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You Could Own a Slice of Cake From Princess Diana and Prince Charles’ Wedding

Prince Charles, Prince of Wales and Diana, Princess of Wales, wearing a wedding dress designed by David and Elizabeth Emanuel and the Spencer family Tiara, ride in an open carriage, from St. Paul's Cathedral to Buckingham Palace, following their wedding on July 29, 1981 in London, England.
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For most people, the thought of a cake that’s four decades old is enough to make their stomachs churn. However, when it comes to a royal piece of cake from Prince Charles and Princess Diana‘s wedding day, it turns out that an aging dessert is pretty appealing — just maybe not for your taste buds.

A 28-ounce slice of the iconic wedding cake is going up for auction on August 11, and it could be yours for the price of approximately £500 (nearly $700 USD).

See also: The most beautiful royal wedding gowns and what they cost.

If you’re wondering how the cake has managed to survive for this many years, you may be surprised to discover that the slice has stood the test of time thanks to something your grandparents would likely approve of: some good old-fashioned plastic wrap and being preserved in a decorative tin. This has kept the slice intact since the 1981 nuptials.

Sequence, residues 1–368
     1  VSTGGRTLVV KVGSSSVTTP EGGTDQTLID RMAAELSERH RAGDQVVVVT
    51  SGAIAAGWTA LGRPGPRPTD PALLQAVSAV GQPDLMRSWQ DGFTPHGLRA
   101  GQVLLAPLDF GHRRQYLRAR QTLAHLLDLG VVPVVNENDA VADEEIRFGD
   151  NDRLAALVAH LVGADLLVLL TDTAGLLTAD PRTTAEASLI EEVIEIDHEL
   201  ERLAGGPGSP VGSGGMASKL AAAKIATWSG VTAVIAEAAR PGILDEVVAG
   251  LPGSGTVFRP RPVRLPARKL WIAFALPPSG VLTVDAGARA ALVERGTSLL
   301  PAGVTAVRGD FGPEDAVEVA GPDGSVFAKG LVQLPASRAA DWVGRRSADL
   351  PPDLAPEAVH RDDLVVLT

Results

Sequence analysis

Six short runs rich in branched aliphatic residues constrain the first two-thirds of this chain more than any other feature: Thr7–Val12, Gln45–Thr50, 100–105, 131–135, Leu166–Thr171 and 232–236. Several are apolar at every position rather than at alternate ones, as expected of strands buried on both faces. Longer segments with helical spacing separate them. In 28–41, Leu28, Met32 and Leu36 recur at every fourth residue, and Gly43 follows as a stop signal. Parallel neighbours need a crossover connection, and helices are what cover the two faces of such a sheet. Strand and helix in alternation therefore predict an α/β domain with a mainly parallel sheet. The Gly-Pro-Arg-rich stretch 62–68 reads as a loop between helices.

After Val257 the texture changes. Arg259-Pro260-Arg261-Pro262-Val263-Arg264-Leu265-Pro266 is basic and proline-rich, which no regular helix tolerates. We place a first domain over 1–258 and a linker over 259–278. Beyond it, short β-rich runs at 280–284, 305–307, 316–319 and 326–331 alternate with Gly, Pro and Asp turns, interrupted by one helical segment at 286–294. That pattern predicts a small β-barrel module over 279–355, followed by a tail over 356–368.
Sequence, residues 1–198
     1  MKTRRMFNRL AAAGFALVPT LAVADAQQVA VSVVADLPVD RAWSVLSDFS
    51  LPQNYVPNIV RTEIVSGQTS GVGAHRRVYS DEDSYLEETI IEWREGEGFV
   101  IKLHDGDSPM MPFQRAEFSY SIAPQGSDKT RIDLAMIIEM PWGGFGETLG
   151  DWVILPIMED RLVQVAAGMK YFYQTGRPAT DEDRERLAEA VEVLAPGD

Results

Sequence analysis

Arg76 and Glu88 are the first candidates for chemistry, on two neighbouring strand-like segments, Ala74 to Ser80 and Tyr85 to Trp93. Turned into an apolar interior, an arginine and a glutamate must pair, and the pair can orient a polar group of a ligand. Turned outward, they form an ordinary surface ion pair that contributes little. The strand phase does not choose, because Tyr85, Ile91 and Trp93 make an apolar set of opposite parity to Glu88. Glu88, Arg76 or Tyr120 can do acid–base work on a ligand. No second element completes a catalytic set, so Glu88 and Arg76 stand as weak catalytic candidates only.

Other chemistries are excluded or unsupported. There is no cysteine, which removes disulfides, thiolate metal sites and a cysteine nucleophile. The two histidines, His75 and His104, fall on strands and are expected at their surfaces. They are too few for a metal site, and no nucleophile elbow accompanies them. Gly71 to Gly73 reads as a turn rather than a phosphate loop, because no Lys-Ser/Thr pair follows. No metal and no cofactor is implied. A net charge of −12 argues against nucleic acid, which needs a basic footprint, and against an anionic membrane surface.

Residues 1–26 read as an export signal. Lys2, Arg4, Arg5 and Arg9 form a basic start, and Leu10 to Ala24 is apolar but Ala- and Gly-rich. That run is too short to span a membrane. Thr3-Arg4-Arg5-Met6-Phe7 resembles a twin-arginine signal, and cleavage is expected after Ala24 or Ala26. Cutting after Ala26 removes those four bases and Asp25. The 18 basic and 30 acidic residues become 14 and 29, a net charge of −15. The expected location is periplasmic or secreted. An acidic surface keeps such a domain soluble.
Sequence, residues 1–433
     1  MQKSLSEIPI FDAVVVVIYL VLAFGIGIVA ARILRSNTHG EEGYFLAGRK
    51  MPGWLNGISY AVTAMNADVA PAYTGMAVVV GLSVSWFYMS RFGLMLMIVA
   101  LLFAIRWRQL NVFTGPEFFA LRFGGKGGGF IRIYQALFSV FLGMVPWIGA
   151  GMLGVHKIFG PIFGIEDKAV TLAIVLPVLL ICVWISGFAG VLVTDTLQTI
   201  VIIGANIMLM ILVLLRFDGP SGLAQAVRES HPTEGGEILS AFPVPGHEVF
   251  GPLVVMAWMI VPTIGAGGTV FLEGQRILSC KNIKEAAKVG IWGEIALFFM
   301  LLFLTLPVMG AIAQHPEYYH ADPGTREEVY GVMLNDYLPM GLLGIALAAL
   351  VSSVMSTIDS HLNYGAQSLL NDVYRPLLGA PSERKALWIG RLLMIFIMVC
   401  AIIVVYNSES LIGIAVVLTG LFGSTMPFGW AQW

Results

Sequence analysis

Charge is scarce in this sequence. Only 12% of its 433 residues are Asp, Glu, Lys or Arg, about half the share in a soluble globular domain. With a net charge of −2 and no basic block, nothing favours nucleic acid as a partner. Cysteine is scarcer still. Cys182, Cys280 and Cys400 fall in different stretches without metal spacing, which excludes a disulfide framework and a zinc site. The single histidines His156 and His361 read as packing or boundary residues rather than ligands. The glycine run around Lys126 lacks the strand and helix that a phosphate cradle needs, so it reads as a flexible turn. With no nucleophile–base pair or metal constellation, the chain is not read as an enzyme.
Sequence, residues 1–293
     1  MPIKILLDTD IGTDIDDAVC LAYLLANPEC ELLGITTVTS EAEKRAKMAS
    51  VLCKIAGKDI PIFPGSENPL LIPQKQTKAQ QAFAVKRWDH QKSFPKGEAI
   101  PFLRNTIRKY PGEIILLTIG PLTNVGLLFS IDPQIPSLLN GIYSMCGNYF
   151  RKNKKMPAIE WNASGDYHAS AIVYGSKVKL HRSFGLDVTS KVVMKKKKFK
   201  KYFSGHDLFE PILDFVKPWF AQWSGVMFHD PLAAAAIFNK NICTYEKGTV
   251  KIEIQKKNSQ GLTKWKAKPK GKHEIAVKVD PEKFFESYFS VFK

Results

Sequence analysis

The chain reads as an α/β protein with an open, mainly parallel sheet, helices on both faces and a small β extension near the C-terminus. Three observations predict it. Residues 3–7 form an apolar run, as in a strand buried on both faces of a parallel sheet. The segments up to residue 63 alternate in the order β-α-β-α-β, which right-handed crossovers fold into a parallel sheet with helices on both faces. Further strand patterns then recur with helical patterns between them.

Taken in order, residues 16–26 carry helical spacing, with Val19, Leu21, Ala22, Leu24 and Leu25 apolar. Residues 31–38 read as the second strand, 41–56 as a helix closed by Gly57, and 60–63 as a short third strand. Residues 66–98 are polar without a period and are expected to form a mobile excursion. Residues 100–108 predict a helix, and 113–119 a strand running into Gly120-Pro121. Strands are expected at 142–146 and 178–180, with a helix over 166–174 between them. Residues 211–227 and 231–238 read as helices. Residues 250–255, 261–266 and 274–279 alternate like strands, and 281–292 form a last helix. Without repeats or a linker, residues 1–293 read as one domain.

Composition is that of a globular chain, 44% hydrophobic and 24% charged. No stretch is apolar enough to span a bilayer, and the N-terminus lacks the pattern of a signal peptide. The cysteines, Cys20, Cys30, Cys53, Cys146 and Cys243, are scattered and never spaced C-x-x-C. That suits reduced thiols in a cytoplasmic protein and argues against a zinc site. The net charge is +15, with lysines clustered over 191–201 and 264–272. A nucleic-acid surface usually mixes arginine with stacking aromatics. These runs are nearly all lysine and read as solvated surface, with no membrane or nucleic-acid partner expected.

Related: Kate Middleton shares adorable new birthday photo of Prince George.

The piece going up on the auction block is decorated with a red, blue and gold royal coat of arms. It was a gift from the Queen Mother to Moyra Smith who, at the time, was one of her employees at Clarence House. Smith sealed up the slice with some cling wrap, tucking it away into an old floral cake tin. She taped a handmade label to the lid, reading: “Handle with Care — Prince Charles & Princess Diane’s [sic] Wedding Cake.”

The dessert stayed within Smith’s family until 2008, when it was acquired by the anonymous collector who is now putting it up for sale.

The cake, which was a fruitcake in keeping with royal tradition, appears to be in good condition; however, don’t pull out your cutlery just yet — Chris Albury, from Gloucestershire’s Dominic Winter Auctioneers (the company auctioning the cake), definitely advises against eating it.

You may also like: Prince Harry is ready to spill (more) royal tea with upcoming memoir.

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